Warren Buffett and Bill Gates Say Trump’s Tax Plan Won’t Help Businesses
The entrepreneurs said that the promised higher growth from the tax cut is overblown.
PHOTO CREDIT: Getty Images
In an interview with CNBC on Monday, both Gates and Buffett downplayed the benefits of Trump's proposed tax cut for businesses and said the promised higher growth from the cut was overplayed.
Trump, who released a one-page outline of the plan on April 26, wants to cut the federal corporate tax rate to 15% from 35% and has said doing so would create economic and business growth.
Buffett, however, was skeptical about the plan's effect on Berkshire Hathaway. He told CNBC’s Becky Quick he couldn’t think of a single Berkshire business in which the US tax rate put the business at a disadvantage compared with foreign companies. "For one thing," he said, "ours aren't as high as we think they are in many cases. They're not as low elsewhere."
Buffett is correct that many companies do not pay the headline tax rate. The statutory rate is 35%, but the rate after deductions and such, known as the effective rate, for companies in the S&P 500 is closer to 24%.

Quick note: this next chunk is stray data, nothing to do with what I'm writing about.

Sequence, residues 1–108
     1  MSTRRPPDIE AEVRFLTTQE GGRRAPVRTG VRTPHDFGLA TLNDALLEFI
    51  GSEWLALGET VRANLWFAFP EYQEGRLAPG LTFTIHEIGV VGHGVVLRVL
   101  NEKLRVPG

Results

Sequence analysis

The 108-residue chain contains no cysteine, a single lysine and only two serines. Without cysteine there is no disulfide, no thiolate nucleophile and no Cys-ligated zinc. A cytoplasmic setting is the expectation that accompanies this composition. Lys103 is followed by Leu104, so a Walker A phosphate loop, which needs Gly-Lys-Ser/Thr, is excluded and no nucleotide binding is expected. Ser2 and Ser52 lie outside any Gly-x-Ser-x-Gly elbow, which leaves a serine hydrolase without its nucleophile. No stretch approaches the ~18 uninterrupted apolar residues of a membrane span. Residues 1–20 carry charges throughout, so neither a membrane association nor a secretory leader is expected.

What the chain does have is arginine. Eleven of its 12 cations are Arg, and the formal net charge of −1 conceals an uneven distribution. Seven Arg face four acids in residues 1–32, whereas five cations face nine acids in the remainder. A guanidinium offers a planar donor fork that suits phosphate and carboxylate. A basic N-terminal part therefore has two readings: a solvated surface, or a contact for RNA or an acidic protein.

Buffett was also dismissive of the suggestion by the Trump administration that increased economic growth would help pay for the tax cuts and make up the loss in government revenue, a justification that comes from a method called dynamic scoring.
"Everybody that wants a cut in taxes can hire some academics and they look for dynamic scoring and they say the country will really be better off if I pay less tax," Buffett said. "I don't blame them -- it's very understandable, so be very, very, very suspicious of dynamic scoring."
Gates said any tax cut was unlikely to benefit businesses in the tech sector but would most likely help shareholders.
"I don't think that the success of the technology sector will be improved by some tax change," Gates said. "The tech companies are not starving right now, and this only comes up when you have profits, and these companies have very high profits. It's not like we're going to be stronger in the tech sector by making owners of those stocks richer."
Trump's tax plan has already faced opposition from Democrats and drawn concern from some Republicans. Despite initial promises to get it done by August, the Trump administration is reportedly concerned the plan may not get through Congress until 2018.
This post originally appeared on Business Insider.